GORDON Matta-Clark. THE SPACE BETWEEN

This beautifully produced book is published to coincide with a ground-breaking exhibition that opened at the CCA in Glasgow on 24 January 2003, and travels to the Architectural Association, London on 1 May. Curated by Lisa Le Feuvre, The Space Between will surely confirm Matta-Clark as one of the most important artists of the second half of the 20th century. Despite his tragically short career, the influence of Gordon Matta-Clark (1943-1978) is ever more pervasive. Central to the explosion of creativity in New York’s SoHo in the 1970s, Matta-Clark turned his focus on the city itself, slicing through abandoned buildings to create works that were at once large-scale sculptural environments, social commentary and urban performance pieces. His stated aim was to unravel the grammar of architecture and “turn a building into a state of mind”. The ‘building cuts’ remain the best-known of the artist’s works, despite the fact that they exist today only through film and photographic documentation. However, Matta-Clark’s engagement with the urban landscape and challenge to conventional art practice also led him to set up an artist-run restaurant, Food. Armed with a movie camera, he embarked on journeys of discovery inside the hidden spaces beneath Paris and London. He handed out free food and ‘fresh air’ on the streets, created architecture from refuse, and planned visionary architectural projects that would transform the City.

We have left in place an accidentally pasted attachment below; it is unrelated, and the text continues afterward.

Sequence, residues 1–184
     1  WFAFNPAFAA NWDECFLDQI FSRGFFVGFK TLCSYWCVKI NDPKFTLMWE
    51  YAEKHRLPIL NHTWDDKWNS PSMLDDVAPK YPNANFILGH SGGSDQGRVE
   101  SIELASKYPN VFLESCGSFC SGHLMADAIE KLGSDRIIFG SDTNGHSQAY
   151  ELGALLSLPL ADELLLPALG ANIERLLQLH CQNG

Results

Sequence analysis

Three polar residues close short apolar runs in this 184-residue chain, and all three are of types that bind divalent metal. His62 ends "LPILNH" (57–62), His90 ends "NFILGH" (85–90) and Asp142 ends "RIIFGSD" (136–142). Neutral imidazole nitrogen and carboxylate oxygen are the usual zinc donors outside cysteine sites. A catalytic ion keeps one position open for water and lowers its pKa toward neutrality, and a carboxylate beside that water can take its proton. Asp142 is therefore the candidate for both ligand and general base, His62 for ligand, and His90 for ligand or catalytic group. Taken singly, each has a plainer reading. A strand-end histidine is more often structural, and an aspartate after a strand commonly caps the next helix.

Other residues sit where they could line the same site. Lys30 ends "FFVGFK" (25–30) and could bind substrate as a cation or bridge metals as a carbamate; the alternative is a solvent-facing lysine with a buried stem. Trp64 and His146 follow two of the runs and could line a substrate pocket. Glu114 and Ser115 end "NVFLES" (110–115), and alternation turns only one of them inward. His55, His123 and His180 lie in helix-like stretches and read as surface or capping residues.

Text: Attlee James, Le Feuvre Lisa. pp. 112; 18 COL; hardcover. Publisher: Nazraeli Press, Tucson, 2003.

ISBN: 9781590050491 | 1590050495

ID: AM-7923

Product Description

This beautifully produced book is published to coincide with a ground-breaking exhibition that opened at the CCA in Glasgow on 24 January 2003, and travels to the Architectural Association, London on 1 May. Curated by Lisa Le Feuvre, The Space Between will surely confirm Matta-Clark as one of the most important artists of the second half of the 20th century. Despite his tragically short career, the influence of Gordon Matta-Clark (1943-1978) is ever more pervasive. Central to the explosion of creativity in New York’s SoHo in the 1970s, Matta-Clark turned his focus on the city itself, slicing through abandoned buildings to create works that were at once large-scale sculptural environments, social commentary and urban performance pieces. His stated aim was to unravel the grammar of architecture and “turn a building into a state of mind”. The ‘building cuts’ remain the best-known of the artist’s works, despite the fact that they exist today only through film and photographic documentation. However, Matta-Clark’s engagement with the urban landscape and challenge to conventional art practice also led him to set up an artist-run restaurant, Food. Armed with a movie camera, he embarked on journeys of discovery inside the hidden spaces beneath Paris and London. He handed out free food and ‘fresh air’ on the streets, created architecture from refuse, and planned visionary architectural projects that would transform the City.

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